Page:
Grown-Up Land can be a tough place because, strangely enough, we raise our children there although they don’t know it.  They do, however, enter into adulthood with a bias based upon how we behaved and what we told them about the rides in Grown-Up Land.  Even the kids with special needs have to go to Grown-Up Land one day, and that epiphany is enough to make any parent with a special needs child want to ride the Denial Turbo Drop incessantly.  All is not lost though.  There’s something else in Grown-Up Land, too–the Resource River. It flows throughout the park twisting and turning through every dip, corner, and valley.  The sound of its flowing waters are heard throughout every corner of Grown-Up Land.  Whenever anyone gets lost, they need only find the river and follow it.  It will always lead them to a familiar place wherein they will find help.  Often getting lost in Grown-Up Land is what leads us to the Friendship Ferris Wheel, Relationship Rainbow, or, even better, I Want Something Better Island which is a park within the park.  People go there and return transformed with a grounded sense of identity and purpose.  Surprisingly, there are abundant resources in Grown-Up Land.  There’s even the Rescuing Red Baron when you get into trouble.  Who knew? I guess Grown-Up Land isn’t such a bad place after all.  Now if only I could get off Dirty Laundry Matterhorn...

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I can’t breathe up here. The air is too thin.

Resources:

Delay of Gratification in Children Mischel, Walter; Shoda, Yuichi; Rodriguez, Monica L Science; May 26, 1989; 244, 4907; Research Library pg. 933

The Trouble with Self-Esteem, New York Times

“I Don’t Wanna Eat!”

I like to try to write about interesting or helpful things in the context of what I am discovering on my journey with Grace, and I don’t want to forget about my other girls.  I have learned all sorts of things from Milly, my ASD girl, and even my other two daughters.  Attempting to live in the moment, practicing mindfulness, and learning gratitude in the midst of something like childhood-onset schizophrenia are things that are re-shaping how I view others and circumstances.  None of this is easy, but I am submitting to this process.

I have learned something new recently, and it has surprised me.  It’s associated with a word ripe with meaning.  What’s the word? Anorexia.  Most of us have probably heard that word.  Perhaps you think of Karen Carpenter or the pro-ana movement.  Maybe you or someone you know has struggled with anorexia nervosa.  I’m not, however, talking about anorexia nervosa.  I’m talking strictly about anorexia which is defined as the lack or loss of appetite resulting in the inability to eat.  This sort of “medical anorexia” is different from the eating disorder and mental illness anorexia nervosa.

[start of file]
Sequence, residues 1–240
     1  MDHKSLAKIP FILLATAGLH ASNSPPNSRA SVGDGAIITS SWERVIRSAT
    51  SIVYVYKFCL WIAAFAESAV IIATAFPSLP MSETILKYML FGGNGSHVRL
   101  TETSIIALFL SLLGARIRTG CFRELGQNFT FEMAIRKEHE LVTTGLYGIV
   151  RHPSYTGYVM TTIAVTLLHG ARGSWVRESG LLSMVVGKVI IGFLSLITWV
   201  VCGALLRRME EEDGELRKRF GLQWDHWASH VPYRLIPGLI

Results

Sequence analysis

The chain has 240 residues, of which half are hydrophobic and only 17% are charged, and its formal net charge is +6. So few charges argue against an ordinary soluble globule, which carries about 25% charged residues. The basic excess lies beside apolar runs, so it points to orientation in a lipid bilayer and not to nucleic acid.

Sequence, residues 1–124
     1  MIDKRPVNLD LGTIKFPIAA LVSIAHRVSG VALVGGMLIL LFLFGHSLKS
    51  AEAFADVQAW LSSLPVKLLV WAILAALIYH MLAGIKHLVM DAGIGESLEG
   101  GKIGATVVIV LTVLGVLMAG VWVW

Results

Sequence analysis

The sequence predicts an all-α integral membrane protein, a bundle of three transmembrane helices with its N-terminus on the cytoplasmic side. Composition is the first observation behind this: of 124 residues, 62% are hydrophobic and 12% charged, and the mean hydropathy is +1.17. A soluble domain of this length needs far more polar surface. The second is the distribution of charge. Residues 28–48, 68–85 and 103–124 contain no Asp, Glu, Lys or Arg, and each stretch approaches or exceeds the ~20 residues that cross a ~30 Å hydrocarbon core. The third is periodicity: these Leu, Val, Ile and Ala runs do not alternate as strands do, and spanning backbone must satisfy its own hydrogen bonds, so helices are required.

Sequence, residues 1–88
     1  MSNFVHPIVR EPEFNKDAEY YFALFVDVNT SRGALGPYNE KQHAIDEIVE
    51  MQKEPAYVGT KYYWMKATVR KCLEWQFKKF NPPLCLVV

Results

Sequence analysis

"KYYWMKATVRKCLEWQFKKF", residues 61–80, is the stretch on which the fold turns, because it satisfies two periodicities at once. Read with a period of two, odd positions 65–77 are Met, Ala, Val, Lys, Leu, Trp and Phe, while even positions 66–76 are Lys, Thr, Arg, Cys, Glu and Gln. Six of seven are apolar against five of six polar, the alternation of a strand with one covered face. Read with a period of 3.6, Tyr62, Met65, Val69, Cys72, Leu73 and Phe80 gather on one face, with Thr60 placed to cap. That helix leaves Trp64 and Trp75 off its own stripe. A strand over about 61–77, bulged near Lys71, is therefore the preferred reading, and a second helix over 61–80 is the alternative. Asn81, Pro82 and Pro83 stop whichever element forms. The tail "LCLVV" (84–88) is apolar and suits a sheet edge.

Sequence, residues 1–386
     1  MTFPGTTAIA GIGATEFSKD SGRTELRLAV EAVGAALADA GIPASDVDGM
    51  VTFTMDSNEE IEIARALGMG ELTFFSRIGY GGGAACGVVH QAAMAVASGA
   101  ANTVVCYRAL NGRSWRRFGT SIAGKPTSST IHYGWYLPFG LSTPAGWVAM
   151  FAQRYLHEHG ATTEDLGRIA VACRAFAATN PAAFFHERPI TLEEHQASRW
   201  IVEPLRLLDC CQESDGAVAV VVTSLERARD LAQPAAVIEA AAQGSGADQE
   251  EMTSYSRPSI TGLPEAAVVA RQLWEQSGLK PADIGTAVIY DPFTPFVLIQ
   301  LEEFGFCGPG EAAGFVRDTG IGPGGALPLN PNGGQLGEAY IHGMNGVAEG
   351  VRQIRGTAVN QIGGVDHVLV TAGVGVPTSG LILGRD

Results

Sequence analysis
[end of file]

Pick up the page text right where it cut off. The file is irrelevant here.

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The red bracelet worn by those who identify with the pro-ana movement as well as identifying as ED friendly (eating disorder friendly).

For example, anorexia is not uncommon in certain illnesses like advanced cancer.  The appetite decreases, and one simply can’t eat.  I take a medication for migraine and seizure control that acts like an appetite suppressant, and anorexia is actually listed as a side effect! Every time I see my neurologist she always gives me her scariest neurologist look akin to the scary Mother Look, and says, “How’s your weight?” She’s well aware that Topamax causes anorexia, and, admittedly, I do struggle with it.  I can drink one cup of coffee in the morning and feel no urge to eat for ten hours.  My appetite has diminished to almost nothing.  It finally caught up to me a few months ago, and I became malnourished because I was…anorexic.  I simply was forgetting to eat because I had lost my appetite, and the stressors in my life along with an illness had finished off what the drug had not.  A friend of mine told me that I looked emaciated.  I probably did, and it wasn’t purposeful.  I am now in the middle of attempting to fix the problem, but it’s hard.  I don’t want to eat.  I’m not hungry.  I quite literally have to force myself to eat, and this isn’t an eating disorder.  I’m not purposefully depriving myself of food due to a desire to lose weight or because I need to exercise control over something in my life.  I simply have no appetite and haven’t for years thanks to the side effect of a drug that has allowed me to reduce my migraines from 20 a month to less than 10.